The coming general election could usher in a major leadership change for Singapore but even with a strong PAP victory it will not be a watershed election.
By Bilveer Singh*
Will the general election widely expected next month be a watershed event that changes the politics or political direction of the country? While the 2011 election was path-breaking in denting the dominance of the ruling People’s Action Party, there was more continuity than a major shift in the numerical makeup of the Parliament. The PAP still controlled 93 percent of the seats and Singapore’s political course was not altered. The parliamentary decibel level increased but not its direction.
The first watershed election was in 1963 just after Singapore joined Malaysia. The 1963 election was about a clash of ideas about Singapore’s future direction and the leaders behind them. The non-communist PAP won 37 of the 51 seats while garnering only 47 percent of the electoral votes. It entrenched the PAP and sidelined the Barisan Sosialis and the opposition in general for the next 50 years. The 2015 general election will be noteworthy for a number of reasons.
Post-Lee Kuan Yew Singapore and new generations
From the 1959 general election to 2011 Lee Kuan Yew has been the leading protagonist, capturing the imagination of the voters bar none. This situation changed with the passing of the independent nation’s founding prime minister. For the first time, the PAP and the nation are without the anchor personality that has shaped the republic’s politics for more than 50 years. The PAP, the opposition parties and the Singapore electorate have never faced such a situation.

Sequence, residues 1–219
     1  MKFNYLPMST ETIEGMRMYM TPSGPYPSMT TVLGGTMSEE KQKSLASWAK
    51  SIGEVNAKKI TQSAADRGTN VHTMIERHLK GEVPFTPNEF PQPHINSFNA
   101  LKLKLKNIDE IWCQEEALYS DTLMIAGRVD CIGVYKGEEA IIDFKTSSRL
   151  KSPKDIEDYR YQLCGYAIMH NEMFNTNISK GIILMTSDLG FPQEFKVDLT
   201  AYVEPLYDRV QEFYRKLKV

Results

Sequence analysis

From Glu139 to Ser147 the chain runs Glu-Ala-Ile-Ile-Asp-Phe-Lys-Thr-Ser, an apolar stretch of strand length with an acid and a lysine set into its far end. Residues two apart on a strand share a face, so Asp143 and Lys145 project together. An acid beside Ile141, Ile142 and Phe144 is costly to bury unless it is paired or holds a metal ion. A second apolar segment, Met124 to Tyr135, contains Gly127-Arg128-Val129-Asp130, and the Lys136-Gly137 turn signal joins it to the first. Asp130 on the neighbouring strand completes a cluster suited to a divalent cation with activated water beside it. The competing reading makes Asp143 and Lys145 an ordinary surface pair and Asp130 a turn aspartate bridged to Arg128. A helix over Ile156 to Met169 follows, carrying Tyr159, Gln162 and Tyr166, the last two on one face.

This election marks the passing of two political generations – that of Lee Kuan Yew and Goh Chok Tong even though the latter will be contesting in the Marine Parade group constituency. Political power is currently in the hands of the third and fourth generation leaders led by Prime Minister Lee Hsien Loong. This election will introduce the fourth and fifth generations and is also about passing the baton from PM Lee to the next leader. A failure to signal who will helm Singapore’s politics after Lee Hsien Loong could call into question the future of the PAP, and possibly the nation.
Minister for Law and Minister for Foreign Affairs, K. Shanmugam, has noted that hardly any political party has remained in power for more than 70 years. Can the PAP confound this seven decade jinx? For this, it will need at least 10 years for the new leader of the PAP to consolidate himself in the party and win public support. As no Prime Minister-in-waiting is currently discernible, will the time frame be fast-forwarded after the coming GE?
This election will see the largest number of voters entering the fray. Compared to the 2,350,257 registered voters in February 2011, there are 2,460,977 registered voters today, an increase of 4.7 percent. Most of them are young first-time voters. They will be game changers, especially in marginal seats. This election will also see the largest number of electoral wards, 89. There is one more single member constituency (SMC), (13) and Group Representation Constituency (GRC) (16) compared to the last GE but more four-man GRCs, with all seats being contested. The PAP is contesting all constituencies, as expected.